Week of June 18, 2001
  Editor's Choice Web Pick
Click to visit NTBA.net NTBA Site Links 'New Economy Towns'
By JACK LYNESite Selection Executive Editor of Interactive Publishing

Many of real estate's long-held rules have clearly been remade by huge shifts in the economy, the work force and technology. The definition of where people work, for example, has ballooned far, far beyond the once sacrosanct walls of "the office," blurring the lines that once divided work and play virtually beyond recognition. Concurrently, the explosion in the power of information technology has exponentially expanded the geographic possibilities for business operations.
        Just such changes are what are behind the Web site for the nonprofit National Town Builders Assn. (NTBA at www.ntba.net). In addition, the site offers perhaps a faint glimmer of the direction in which such changes are moving. The NTBA describes itself as "a trade association representing the business interests of the town building industry and the real estate needs of the New Economy."
        Why is there an NTBA, you ask?
        The answer, according to this site: "Quite simply, the existing infrastructure of our communities has become obsolete in the minds of the consumer, the resident and the employee, who are seeking balance, flexibility and choice in their lives."
        For many, that statement rings true. You can see such dissatisfaction with the status quo in the flotilla of descriptive terms that have been launched to describe the growing ranks of planned communities: "smart growth," "traditional neighborhood development," "transit-oriented development," "the new urbanism," "neo-traditional communities," "walkable towns," "sustainable communities," "urban villages" and "new economy towns."
        The NTBA embraces all those terms, and that inclusive approach has attracted some notable allies. The association's advisors, for example, include Carnegie Mellon University, the Milken Institute, the National Governors Assn. and the Institute for the Study of Distributed Work.

OK, Build It, but They Won't Necessarily Come

Neil Takemoto, the NTBA's executive director, describes the work-force demands that are driving this Web site.
        "Today's knowledge workers want the flexibility to work either at home, in local cafés or at neighborhood satellite offices, possibly all in the same day," Takemoto said. "Socializing and nightlife are a priority, and they seem to be resisting the isolated office park lifestyles of their baby boomer parents."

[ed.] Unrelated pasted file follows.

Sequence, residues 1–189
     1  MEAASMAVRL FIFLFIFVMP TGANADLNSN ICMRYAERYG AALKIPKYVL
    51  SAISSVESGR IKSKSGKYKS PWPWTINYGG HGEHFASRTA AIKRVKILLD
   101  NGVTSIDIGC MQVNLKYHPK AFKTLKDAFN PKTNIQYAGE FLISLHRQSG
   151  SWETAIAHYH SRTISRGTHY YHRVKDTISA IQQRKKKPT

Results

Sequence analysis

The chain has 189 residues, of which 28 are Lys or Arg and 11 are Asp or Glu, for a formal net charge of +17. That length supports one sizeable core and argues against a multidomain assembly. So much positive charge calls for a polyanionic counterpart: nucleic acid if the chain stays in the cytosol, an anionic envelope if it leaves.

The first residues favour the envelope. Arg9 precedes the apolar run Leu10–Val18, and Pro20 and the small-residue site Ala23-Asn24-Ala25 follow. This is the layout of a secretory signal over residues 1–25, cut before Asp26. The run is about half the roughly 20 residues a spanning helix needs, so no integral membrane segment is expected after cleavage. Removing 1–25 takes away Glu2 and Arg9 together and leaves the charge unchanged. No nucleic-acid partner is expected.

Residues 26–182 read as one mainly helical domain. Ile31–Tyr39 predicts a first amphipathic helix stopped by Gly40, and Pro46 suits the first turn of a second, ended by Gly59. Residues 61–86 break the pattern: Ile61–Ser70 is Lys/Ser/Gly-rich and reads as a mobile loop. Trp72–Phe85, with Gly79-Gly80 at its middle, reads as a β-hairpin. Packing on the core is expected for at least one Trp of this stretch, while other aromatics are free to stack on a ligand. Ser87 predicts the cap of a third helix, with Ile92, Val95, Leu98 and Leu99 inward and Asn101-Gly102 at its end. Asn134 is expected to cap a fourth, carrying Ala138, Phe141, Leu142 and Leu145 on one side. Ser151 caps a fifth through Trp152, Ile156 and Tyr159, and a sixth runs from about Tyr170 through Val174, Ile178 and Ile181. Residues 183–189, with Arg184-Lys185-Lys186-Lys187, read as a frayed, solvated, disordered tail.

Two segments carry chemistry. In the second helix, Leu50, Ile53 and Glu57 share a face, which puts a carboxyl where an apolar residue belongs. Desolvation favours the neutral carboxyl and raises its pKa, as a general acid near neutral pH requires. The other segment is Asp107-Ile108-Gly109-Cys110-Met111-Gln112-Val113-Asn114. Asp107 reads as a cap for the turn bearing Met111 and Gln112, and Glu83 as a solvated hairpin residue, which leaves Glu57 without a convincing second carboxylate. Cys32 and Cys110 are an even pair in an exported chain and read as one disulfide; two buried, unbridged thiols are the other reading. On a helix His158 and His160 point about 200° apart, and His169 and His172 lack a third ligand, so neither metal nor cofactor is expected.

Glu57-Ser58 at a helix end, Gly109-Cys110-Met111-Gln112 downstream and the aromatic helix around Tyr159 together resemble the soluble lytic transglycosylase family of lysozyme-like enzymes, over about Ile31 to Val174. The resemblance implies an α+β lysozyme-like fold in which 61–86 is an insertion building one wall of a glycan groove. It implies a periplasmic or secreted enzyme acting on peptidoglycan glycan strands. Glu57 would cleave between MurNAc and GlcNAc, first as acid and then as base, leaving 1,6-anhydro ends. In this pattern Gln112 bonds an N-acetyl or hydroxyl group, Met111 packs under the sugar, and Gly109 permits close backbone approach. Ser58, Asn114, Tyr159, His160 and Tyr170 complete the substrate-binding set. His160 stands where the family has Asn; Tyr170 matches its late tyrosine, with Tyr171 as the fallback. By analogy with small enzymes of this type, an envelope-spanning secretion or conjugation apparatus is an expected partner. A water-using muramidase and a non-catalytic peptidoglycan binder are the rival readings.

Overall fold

Put another way, you don't build it anymore with any reasonable expectation that they will slavishly come. Increasingly, skilled people first decide where they want to live, and only then for whom they'll work. That's just what's pushing the ad hoc development of work-live communities such as San Francisco's SOMA.
        But this site will likely be of major benefit only to those who directly work in new-wave towns' evolution. Still, there are some things here with potential value for the rest of us who want to track the trend.
        This site, for example, attempts to fill a noticeable void by defining what the NTBA, at least, sees as the central characteristics of a "new economy town." That definition is onsite in a click-off to an Adobe Acrobat file link labeled "What Is a Work/Live Balanced Town?" (a.k.a. "What Is a New Economy Town," the name given the same file on a different part of the site).

Links to 50 NTBA-Member Projects

AbacoaThe site also includes links to the 50 developments that have thus far joined the NTBA. Those projects cover 21 U.S. states and one Canadian province, Alberta.
        Some of the projects you'll find online are smack dab in the middle of urban areas; others are in more remote locales. All, though, seem to reflect the association's avowed goal: "establishing the town building industry as a choice, promoting the policies and programs that allow the development of communities with a higher quality of life."
        Much of ntba.net's most useful information is grouped under the "Program Playbook" option, found in the site's "New Economy Towns" section.
ABOVE: The entrance to Abacoa Center, a live/work community and NTBA-member project near Jupiter, Fla.

        Open to members and non-members alike, that playbook includes diagrammed depictions of the NTBA's programs for implementation, economic development and network structuring. That site section also includes listings of NTBA's Board of Directors and "new economy town developers," plus related players in construction and finance.
        As you might expect, the site's big payoffs are (rightfully) reserved for NTBA members. Member benefits include presenting proposed projects' needs "to potential business contacts in our closed professional e-marketplace." Members also get password-protected access to e-mail discussions and the site's "indexed knowledge archive."

Place More Important than Ever

Judging from the number of players online here, the NTBA is still a rather small organization.
        This corner, at least, wouldn't be surprised if it gets considerably bigger. Carnegie Mellon professor and NTBA advisor Richard Florida describes the catalyst for such an expansion.
        "The greatest shift in history has been from a mass production-based economy to a knowledge-based economy," Florida explained. "Knowledge workers don't believe money is enough. They like to mix fun with work, in close proximity to outside activities and recreation."
        That's the other side of the diffusive power of information technology.
        Said Joel Kotkin, author of The New Geography, "We used to say the Internet was going to make us a placeless society, but the irony of the new geography is that the Internet makes place more important than ever."



©2001 Conway Data, Inc. All rights reserved. Data is from many sources and is not warranted to be accurate or current.